The Marriage of Lugus and Rosmerta
In ancient days when the world was young the land herself sought out her king. She called out to the tribes to send forth all their best and noblest. In bouts of skill and strength and word did each compete and each excel, but in the end one man arose and stood apart from all the rest. His eyes shone clear, his shoulders broad, but gentle was his temprament. Of kingly bearing he was made; there was no question here of that. His name was Lugus, Giant's Bane, his strength and honor unsurpassed; he knew the many arts of man and worked them all with skillful hand. The land, Rosmerta, called him near and held aloft a cup of mead. "This cup," she said, "is all my love, and in it find your sovereignty." His hands reached forth and grasped the cup; Rosmerta, though, did not let go and held the cup firm in her hands: "There is one thing before you drink." "The people first approve their king, by their consent his rule is whole, for he serves them for all his days, and should he fail, they'll have his head." And to the people she called out, "The land rejects an unjust king: Will you hold to this mighty oath?" And how do th'folk respond to her? (the folk: "We do!") And to the people she called out, "And if your king should be unjust, then do you swear to throw him out?" And how do th'folk respond to her? (the folk: "We do!") And to the people she called out, "Do you, dear people, love the land, and do you hold my honor bright?" And how do th'folk respond to her? (the folk: "We do!") Rosmerta now released the cup and Lugus drank the mead so sweet. The Land had found her champion, and the people had found a king. Hail to Lugus, the rightful king! Hail to Rosmerta who chose him! Hail to the folk who give him leave, and ever have power o're him!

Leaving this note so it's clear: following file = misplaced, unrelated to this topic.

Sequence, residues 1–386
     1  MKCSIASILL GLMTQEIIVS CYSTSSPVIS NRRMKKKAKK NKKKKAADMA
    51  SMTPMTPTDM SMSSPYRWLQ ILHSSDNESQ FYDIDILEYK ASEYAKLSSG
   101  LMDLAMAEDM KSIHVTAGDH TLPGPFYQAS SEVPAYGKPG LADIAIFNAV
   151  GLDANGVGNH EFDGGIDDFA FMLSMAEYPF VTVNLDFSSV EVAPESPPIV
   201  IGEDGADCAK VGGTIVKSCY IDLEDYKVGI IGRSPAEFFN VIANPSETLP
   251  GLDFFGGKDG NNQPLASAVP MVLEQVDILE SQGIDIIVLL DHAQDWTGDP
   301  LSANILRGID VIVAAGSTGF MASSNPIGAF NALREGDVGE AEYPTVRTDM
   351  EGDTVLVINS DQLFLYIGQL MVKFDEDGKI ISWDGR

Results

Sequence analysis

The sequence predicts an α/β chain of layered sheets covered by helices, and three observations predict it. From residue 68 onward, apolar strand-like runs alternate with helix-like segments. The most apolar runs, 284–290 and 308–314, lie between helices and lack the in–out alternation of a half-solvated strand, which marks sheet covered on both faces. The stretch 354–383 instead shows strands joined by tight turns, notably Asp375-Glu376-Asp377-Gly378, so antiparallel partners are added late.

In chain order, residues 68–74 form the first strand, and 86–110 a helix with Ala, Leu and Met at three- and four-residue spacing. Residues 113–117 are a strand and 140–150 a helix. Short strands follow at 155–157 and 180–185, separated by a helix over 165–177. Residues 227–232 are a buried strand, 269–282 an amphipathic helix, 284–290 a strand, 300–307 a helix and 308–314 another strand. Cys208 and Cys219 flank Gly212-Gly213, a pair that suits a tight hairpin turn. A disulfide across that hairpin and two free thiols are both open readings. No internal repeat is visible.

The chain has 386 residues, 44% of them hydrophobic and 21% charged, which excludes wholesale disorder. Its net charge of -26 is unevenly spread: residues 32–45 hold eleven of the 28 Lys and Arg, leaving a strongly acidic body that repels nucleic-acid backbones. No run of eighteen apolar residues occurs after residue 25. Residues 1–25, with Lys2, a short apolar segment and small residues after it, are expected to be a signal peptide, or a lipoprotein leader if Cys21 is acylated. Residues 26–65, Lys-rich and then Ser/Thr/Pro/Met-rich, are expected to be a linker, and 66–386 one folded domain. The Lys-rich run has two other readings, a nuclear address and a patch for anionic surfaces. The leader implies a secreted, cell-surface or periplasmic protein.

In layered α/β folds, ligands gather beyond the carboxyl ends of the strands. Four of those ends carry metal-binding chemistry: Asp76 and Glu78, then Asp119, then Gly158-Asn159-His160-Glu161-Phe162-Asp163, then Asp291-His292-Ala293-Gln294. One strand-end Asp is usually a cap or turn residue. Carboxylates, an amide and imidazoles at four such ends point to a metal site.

Written for the Three Cranes Grove, ADF, 2007 Summer Solstice ritual, this poem was written more as the script for a play than anything else. While the poem was recited, actors portrayed the parts of Lugus and Rosmerta (and a few warriors). It was designed mostly to simply tell the story (as best as can be reconstructed). Special thanks are in order to Mary Jones, whose Celtic Encyclpedia is ever useful, and to Ariotanos, whose Outline of Neo-Gaulish Religion and Culture (v. 7) continues to inform a lot of my ideas about working Gaulish religion.